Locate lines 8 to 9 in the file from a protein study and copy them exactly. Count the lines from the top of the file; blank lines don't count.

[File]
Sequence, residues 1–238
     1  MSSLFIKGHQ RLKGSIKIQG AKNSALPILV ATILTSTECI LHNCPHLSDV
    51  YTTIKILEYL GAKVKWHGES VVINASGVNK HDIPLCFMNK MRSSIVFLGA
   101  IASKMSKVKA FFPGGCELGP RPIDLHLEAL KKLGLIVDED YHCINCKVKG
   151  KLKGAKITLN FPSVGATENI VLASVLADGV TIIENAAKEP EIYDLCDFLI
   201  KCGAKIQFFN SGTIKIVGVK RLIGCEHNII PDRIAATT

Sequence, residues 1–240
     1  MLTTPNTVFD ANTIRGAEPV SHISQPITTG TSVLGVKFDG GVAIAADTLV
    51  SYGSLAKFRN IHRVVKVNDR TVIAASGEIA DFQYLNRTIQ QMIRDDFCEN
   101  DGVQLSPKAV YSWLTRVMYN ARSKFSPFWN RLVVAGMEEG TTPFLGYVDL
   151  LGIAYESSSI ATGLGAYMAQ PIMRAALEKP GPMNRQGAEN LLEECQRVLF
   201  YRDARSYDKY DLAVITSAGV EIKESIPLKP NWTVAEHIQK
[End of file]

     1  MLTTPNTVFD ANTIRGAEPV SHISQPITTG TSVLGVKFDG GVAIAADTLV
    51  SYGSLAKFRN IHRVVKVNDR TVIAASGEIA DFQYLNRTIQ QMIRDDFCEN